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NEWS UPDATES Asean Affairs    30 August  2012

Philippine Airlines poised to soar to profitability


Flag carrier Philippine Airlines (PAL) is poised to soar to greater heights starting next year as it takes delivery of new planes—more than doubling the size of its current fleet.
Even without the new planes, PAL president Ramon S. Ang said the company might post a modest profit for its current fiscal year that ends next March.

“The company is already registering a profit,” Ang said at a press conference on Tuesday. He said the airline’s better performance was a result of “discipline,” leading to lower maintenance costs.

PAL’s parent firm PAL Holdings posted a 489.2-million peso US$11.5 million) profit in the April to June period of 2012, the first quarter of the company’s fiscal year. This was an improvement from the 475.1-million peso loss posted the year before.

PAL also implemented a cost-cutting programme last October that involved the outsourcing of 2,600 jobs to third-party providers. Ang declined to comment on whether the outsourcing programme, which is still being questioned in court, contributed to the company’s return to profitability.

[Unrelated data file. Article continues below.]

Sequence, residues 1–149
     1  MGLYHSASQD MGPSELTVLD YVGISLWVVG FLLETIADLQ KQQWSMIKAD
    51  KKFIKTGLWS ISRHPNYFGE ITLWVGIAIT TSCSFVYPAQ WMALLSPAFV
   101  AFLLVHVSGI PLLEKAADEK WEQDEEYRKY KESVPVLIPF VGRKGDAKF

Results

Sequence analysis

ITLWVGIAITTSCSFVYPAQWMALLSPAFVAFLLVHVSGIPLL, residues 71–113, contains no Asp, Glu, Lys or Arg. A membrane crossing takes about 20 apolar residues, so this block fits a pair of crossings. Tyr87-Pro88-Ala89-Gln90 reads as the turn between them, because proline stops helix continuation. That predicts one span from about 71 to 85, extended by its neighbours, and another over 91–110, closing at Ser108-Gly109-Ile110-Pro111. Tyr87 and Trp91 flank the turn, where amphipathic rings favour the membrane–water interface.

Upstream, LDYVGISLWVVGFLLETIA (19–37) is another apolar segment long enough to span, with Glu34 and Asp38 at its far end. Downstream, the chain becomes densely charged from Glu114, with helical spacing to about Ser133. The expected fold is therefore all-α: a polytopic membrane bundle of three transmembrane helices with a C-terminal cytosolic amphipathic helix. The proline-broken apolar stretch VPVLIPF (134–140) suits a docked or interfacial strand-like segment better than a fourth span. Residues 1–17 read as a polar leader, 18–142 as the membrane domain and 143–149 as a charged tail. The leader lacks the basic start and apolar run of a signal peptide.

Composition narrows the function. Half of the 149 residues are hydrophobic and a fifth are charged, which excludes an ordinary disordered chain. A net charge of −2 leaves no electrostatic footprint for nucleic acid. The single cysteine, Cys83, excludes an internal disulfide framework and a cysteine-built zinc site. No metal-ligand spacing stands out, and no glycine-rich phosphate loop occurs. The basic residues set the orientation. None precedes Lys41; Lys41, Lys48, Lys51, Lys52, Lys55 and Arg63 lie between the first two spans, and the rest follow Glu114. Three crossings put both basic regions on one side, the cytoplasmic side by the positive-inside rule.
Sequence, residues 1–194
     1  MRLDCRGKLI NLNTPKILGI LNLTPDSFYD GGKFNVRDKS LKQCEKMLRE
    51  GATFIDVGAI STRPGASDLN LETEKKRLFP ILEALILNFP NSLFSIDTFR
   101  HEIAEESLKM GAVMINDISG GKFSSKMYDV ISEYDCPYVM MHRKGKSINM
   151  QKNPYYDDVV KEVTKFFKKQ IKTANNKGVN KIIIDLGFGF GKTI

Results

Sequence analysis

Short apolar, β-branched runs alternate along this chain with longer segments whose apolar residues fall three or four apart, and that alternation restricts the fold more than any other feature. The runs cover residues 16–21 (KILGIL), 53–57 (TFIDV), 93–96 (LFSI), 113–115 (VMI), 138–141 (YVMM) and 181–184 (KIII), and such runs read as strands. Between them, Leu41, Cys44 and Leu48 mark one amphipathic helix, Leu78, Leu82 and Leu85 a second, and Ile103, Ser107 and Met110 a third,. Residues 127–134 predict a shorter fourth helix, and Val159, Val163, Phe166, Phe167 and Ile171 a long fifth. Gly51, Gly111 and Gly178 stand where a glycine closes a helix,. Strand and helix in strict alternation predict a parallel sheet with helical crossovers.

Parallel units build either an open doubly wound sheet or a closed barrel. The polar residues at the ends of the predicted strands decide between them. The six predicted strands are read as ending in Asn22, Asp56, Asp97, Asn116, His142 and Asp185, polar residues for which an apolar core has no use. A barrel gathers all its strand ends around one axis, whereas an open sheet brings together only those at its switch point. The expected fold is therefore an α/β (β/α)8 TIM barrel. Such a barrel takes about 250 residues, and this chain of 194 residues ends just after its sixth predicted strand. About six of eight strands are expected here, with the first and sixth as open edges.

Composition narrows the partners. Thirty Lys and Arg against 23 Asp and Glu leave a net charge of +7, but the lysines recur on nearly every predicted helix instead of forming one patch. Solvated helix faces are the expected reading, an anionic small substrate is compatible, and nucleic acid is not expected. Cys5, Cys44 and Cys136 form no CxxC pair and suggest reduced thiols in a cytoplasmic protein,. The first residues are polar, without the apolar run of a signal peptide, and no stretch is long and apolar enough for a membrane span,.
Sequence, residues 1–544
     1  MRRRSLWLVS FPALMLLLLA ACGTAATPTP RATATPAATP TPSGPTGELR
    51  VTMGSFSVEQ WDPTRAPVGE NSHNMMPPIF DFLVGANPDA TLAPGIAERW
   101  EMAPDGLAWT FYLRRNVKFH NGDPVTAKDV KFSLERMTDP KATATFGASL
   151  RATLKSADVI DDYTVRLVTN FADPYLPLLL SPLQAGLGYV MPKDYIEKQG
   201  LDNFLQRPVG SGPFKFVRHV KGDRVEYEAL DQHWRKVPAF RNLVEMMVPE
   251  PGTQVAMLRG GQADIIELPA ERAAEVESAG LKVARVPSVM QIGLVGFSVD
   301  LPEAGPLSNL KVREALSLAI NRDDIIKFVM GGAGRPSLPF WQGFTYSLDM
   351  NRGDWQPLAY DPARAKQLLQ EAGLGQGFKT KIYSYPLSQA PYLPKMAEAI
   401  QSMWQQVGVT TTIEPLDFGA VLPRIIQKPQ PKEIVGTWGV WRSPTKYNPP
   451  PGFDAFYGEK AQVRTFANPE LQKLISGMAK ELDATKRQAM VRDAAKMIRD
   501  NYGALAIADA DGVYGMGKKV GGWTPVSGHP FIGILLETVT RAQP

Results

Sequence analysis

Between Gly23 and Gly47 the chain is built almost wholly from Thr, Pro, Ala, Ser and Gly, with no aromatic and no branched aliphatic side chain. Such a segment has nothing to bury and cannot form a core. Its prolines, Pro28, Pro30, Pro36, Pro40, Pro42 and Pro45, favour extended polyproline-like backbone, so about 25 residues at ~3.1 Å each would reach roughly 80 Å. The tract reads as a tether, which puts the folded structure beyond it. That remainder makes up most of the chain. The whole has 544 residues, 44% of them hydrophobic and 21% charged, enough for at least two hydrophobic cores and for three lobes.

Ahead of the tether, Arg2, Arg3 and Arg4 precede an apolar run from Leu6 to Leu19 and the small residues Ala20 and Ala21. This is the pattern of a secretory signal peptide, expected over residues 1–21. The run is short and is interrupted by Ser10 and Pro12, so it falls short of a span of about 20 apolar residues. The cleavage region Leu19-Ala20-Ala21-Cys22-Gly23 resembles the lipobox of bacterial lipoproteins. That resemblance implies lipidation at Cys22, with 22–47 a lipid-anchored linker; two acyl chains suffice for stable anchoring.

At the press conference, the airline disclosed details for its expansion programme. The company signed a deal with European plane manufacturer Airbus for as many as 54 new planes in the first phase of a mul¬ti¬year ac¬qui¬si¬tion spree. The deal is worth $7 billion, based on published list prices for the planes.

Ang, who is also president of San Miguel Corp., said the company was still in negotiations to buy 46 more aircraft to bring its total plane purchases to 100.

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This year in Thailand-what next?

AseanAffairs   04 January 2011
By David Swartzentruber      

It is commonplace in journalism to write two types of articles at the transition point between the year that has passed and the New Year. As this writer qualifies as an “old hand” in observing Thailand with a track record dating back 14 years, it is time take a shot at what may unfold in Thailand in 2011.

The first issue that can’t be answered is the health of Thailand’s beloved King Bhumibol, who is now 83 years old. He is the world's longest reigning monarch, but elaborate birthday celebrations in December failed to mask concern over his health. More


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